I remember playing my own little games on the pile of clothes, and watching the sun and sky dance and play through the giant back window that a 1972 Ford Pinto possesses.

“Pigs!” I think I said.  “No, those are sheep,” Mom might have said.  It didn’t matter.  I remember feeling free and relieved.

Uncle Terry rented a wing of an old plantation in West Virginia called Willow Wall.  I remember it being a huge old scary place, but I always felt safe around Uncle Terry.  He was big and happy, bearded.  I cowered behind his giant calf while he played tennis with a lost bat in a great room.

Mom rented a little house.  We had a black dog named Sooner who ate our shoes.  We had a milk man who always gave me a little carton of chocolate milk.  Once, when I was hiding in mom’s closet I watched them in bed together.  I liked him.

My dad came to visit for my third birthday.  He gave me a guitar.  I remember wishing that he would go away.


I got a new bike for my fourth birthday.  It was red with chrome handlebars and a sparkly banana seat.  Dad set the training wheels flat on the ground at first.  When he raised them up a notch I learned balance.  When he took them off and gave me a shove down the sidewalk I learned freedom.

“Just go around the block.” he said.  “Don’t cross any streets!”  I might have made it around the block a dozen times before I met other kids on bikes.

I was five when I got a watch. “Make sure you come home for dinner,” Mom said, “6 o’ clock!”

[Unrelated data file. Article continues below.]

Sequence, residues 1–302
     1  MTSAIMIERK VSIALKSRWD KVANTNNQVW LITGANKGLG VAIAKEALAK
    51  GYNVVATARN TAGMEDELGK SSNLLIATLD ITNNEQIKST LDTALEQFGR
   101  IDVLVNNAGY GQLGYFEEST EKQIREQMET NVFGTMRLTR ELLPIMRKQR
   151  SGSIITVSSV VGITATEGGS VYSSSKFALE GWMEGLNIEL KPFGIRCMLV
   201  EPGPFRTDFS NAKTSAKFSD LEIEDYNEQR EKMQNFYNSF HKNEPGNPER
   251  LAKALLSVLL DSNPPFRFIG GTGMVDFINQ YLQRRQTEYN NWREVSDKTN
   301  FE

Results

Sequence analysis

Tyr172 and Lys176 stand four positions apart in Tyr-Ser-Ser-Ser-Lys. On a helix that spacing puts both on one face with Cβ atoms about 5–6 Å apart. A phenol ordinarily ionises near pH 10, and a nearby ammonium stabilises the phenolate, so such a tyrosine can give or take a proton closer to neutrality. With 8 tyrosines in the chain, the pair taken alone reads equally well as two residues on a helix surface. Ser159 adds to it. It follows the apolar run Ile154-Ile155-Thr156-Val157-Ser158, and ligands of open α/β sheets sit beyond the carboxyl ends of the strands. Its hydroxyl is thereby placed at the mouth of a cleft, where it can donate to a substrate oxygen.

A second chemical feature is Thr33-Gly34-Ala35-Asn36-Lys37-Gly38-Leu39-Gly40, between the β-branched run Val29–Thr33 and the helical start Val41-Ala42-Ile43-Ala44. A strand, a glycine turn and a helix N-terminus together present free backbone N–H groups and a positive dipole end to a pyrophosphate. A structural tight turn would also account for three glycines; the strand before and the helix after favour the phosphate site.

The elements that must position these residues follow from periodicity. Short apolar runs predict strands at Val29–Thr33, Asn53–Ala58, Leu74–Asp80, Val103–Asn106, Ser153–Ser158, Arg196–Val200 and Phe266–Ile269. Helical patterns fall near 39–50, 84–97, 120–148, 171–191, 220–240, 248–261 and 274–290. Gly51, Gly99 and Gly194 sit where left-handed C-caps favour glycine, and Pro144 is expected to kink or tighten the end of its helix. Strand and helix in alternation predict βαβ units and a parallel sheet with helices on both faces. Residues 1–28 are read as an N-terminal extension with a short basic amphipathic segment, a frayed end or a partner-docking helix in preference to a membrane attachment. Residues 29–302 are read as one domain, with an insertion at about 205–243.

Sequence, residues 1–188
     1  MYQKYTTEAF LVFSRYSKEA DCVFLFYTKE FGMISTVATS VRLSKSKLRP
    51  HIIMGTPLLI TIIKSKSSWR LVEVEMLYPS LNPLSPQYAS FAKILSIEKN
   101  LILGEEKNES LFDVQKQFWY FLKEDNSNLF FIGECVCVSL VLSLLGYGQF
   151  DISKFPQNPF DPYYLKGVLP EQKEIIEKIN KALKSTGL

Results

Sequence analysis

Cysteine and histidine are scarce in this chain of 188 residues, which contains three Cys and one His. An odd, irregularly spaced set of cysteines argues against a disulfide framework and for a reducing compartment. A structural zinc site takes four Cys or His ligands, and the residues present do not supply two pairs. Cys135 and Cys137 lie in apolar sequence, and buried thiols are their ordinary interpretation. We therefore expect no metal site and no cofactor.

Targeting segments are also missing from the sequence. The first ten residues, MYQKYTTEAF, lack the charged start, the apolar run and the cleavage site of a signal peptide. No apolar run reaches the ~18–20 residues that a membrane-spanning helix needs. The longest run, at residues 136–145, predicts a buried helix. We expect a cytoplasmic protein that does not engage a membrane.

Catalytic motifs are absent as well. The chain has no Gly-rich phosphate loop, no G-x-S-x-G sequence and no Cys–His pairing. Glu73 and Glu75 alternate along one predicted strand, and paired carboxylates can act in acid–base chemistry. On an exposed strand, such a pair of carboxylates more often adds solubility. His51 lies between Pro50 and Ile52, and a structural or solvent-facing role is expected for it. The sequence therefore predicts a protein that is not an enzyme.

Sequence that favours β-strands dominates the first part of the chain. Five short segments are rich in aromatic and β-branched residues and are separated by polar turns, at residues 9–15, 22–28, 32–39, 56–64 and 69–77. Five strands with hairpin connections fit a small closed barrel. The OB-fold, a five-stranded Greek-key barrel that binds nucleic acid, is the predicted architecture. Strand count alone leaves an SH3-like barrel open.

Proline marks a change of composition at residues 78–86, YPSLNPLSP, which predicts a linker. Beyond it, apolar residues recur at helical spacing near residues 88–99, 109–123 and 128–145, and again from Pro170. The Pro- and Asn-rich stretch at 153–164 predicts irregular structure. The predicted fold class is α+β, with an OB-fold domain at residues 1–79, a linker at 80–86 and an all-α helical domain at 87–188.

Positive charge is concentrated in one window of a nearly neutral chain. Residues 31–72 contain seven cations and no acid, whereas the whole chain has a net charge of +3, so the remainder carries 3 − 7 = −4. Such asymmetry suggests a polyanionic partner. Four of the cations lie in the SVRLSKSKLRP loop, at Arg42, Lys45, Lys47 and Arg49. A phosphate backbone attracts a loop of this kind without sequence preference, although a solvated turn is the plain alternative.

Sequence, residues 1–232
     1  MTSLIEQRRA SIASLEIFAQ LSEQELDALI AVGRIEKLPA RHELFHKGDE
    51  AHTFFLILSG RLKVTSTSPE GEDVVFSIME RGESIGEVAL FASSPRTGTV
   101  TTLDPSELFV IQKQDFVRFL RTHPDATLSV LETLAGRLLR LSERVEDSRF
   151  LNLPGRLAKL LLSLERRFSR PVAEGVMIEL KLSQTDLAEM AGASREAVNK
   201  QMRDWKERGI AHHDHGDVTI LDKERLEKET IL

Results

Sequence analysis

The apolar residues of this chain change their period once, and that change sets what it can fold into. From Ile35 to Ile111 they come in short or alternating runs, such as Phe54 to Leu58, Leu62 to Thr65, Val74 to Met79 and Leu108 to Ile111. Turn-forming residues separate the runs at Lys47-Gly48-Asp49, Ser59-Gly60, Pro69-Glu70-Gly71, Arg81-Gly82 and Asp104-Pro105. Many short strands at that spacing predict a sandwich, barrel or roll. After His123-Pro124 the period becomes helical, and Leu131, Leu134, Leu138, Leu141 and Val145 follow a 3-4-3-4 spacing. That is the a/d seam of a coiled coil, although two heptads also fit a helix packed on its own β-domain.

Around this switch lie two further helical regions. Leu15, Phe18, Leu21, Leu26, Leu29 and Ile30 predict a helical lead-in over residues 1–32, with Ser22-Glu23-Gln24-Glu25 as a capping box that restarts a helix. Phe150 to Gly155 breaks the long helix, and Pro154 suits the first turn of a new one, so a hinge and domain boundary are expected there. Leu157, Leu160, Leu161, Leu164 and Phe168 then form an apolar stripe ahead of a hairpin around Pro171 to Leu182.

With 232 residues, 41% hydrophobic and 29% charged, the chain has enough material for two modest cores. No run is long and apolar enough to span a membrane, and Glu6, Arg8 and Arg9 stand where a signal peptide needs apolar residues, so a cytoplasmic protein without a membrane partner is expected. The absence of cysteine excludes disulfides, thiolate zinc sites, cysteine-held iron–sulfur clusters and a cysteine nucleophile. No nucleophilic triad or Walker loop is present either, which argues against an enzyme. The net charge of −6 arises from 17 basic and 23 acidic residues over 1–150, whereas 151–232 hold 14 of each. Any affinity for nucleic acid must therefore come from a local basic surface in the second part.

A watch on a five year old is as about as useful as a eunuch with a condom.  I was late often.

“You’re late again!” said Dad.  “Don’t you look at your watch?”  “Sorry.” I must have said.  “What were you doing?”  “Just playing.”  Or something like that.

What we were really doing was exploring an old broke-down Victorian a quarter mile away.  I remember crawling through the broken window in the kitchen door.  Too scared to venture upstairs, our crew left the way we came, but a little faster.

Dad held a spindle in his hand at the table.  It was from a staircase I knew.  “Don’t you ever go in that house again.” And I never did.

The next time I was late for dinner he accused me of going back to the house.  He dragged me into the bedroom, pulled my pants off and whipped me with his belt.

That day I swore to myself that when I was big enough, and strong enough, I was going to beat my dad, for me, and my mom.


Walking home from school that day was just like the day before.   I spent the half mile walk daydreaming as eight year olds do,  but when I turned into the gate to the apartment building it was different.


In the yard a neighbor who babysat us looked at me and said, “You need to go upstairs. Your father’s waiting for you.”  I thought this was strange because I always got home before Dad.  I walked up the three flights to our apartment.